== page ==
Republican Gov. Eric Holcomb of Indiana on Sunday announced that he arrived in Taiwan, becoming the latest US official to visit the self-governing island amid its escalating tensions with China.
“I appreciate the warm welcome to Taiwan from Douglas Hsu, Taiwan Director of North American Affairs,” the governor posted on Twitter, along with a photo of him and Hsu.
Holcomb and a delegation that includes Indiana’s commerce secretary are in the Taiwanese capital of Taipei to kick off an “economic development trip” in Taiwan and South Korea, following the signing of the federal CHIPS Act and the recent announcement that Taiwan-based semiconductor company MediaTek will open a design center in Indiana, his office said in a statement.
Holcomb will meet with Taiwanese President Tsai Ing-wen on Monday morning Taipei time, Taiwan’s presidential office spokesperson Chang Tun-Han said. Holcomb and Tsai will discuss “economic, trade, technological and cultural collaborations,” the spokesperson added.
Holcomb’s trip follows a visit to Taiwan earlier this month by Nancy Pelosi, who became the first US House speaker in 25 years to visit the island at a time when Washington-Beijing relations have been particularly tense. Her visit upset China, which responded by launching extensive military drills around Taiwan and suspending key diplomatic communications with the US.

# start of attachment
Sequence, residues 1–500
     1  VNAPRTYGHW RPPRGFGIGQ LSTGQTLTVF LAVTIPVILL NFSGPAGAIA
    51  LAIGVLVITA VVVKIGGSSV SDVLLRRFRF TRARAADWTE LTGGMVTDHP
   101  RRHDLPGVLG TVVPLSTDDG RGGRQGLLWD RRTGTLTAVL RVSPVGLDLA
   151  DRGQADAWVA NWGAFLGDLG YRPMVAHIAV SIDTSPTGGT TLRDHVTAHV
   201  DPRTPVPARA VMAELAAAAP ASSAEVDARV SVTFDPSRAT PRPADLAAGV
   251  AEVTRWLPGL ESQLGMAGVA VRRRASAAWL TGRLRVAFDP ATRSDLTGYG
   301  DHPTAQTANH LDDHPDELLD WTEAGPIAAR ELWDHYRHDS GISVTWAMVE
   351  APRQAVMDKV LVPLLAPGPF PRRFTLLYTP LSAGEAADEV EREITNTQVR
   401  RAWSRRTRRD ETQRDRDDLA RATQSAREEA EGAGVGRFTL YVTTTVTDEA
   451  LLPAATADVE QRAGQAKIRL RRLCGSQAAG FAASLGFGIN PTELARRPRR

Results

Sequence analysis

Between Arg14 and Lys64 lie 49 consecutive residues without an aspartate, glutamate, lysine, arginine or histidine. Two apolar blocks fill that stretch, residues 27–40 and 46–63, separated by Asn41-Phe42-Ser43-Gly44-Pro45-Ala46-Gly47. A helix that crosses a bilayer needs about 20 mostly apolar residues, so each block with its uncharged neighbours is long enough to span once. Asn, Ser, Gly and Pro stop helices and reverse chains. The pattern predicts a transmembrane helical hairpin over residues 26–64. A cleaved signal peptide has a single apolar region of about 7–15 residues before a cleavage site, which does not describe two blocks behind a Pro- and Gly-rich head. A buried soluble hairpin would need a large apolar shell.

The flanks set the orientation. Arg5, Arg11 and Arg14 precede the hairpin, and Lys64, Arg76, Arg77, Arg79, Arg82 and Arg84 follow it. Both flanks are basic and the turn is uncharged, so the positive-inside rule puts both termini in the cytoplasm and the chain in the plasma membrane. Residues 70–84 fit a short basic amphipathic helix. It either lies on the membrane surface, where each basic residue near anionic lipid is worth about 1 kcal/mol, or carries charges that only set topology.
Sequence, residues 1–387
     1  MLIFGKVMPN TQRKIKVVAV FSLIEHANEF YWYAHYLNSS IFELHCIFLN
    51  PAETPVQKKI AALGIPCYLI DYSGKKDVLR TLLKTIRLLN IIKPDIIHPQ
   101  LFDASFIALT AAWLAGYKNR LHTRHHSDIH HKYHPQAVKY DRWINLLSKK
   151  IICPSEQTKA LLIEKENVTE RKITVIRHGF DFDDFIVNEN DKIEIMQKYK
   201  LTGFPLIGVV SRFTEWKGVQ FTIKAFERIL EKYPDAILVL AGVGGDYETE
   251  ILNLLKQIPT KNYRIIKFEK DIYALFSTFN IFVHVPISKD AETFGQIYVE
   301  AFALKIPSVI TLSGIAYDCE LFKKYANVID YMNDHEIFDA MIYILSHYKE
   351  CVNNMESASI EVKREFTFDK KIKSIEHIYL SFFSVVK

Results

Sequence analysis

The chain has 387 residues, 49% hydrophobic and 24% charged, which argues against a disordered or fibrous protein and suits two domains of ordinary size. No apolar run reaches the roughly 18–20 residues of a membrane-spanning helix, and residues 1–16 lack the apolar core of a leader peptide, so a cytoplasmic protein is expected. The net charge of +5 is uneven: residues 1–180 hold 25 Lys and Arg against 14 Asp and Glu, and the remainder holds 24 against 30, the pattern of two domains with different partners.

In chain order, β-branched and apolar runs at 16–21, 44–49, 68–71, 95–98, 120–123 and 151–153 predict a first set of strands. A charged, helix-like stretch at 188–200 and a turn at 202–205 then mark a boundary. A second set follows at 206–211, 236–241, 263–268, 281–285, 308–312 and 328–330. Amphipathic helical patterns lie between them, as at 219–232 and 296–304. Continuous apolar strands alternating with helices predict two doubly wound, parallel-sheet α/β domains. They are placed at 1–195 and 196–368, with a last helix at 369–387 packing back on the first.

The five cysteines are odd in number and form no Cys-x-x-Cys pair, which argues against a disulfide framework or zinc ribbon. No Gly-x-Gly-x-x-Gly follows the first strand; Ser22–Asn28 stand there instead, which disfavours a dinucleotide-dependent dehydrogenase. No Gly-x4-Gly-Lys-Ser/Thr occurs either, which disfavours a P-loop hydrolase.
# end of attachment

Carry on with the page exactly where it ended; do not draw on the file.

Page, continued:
Last Sunday, a second US bipartisan congressional delegation, led by Democratic Sen. Ed Markey of Massachusetts, visited Taipei in an effort to “reaffirm the United States’ support for Taiwan” and “encourage stability and peace across the Taiwan Strait.”
China’s ruling Chinese Communist Party sees Taiwan as part of its territory, despite having never controlled the democratic island, and Beijing has long vowed to “reunify” the island with China, by force if necessary.
The White House has said that there is no change to the United States’ “One China” policy and that Washington recognizes the People’s Republic of China as the sole legitimate government of China.
The US maintains close unofficial ties with Taiwan and is bound by law to provide Taiwan with defensive arms. But the US remains deliberately vague on whether it would defend Taiwan militarily in the event of a Chinese invasion, a policy known as “strategic ambiguity.”
Holcomb is the first US governor to visit Taiwan since 2019 and the first Indiana governor to travel to the island in 17 years, his office said in a statement.
While in Asia, he plans to meet with Taiwanese and South Korean government officials, business leaders and academic institutions.
“The delegation will focus on strengthening Indiana’s economic and academic partnerships and reinforcing the state’s commitment to innovation, as well as committing to working together to build the economy of the future on an international scale,” his office said.
This story has been updated with additional information Sunday.
CNN’s Eric Cheung, Devan Cole and Gladys Tsai contributed to this report.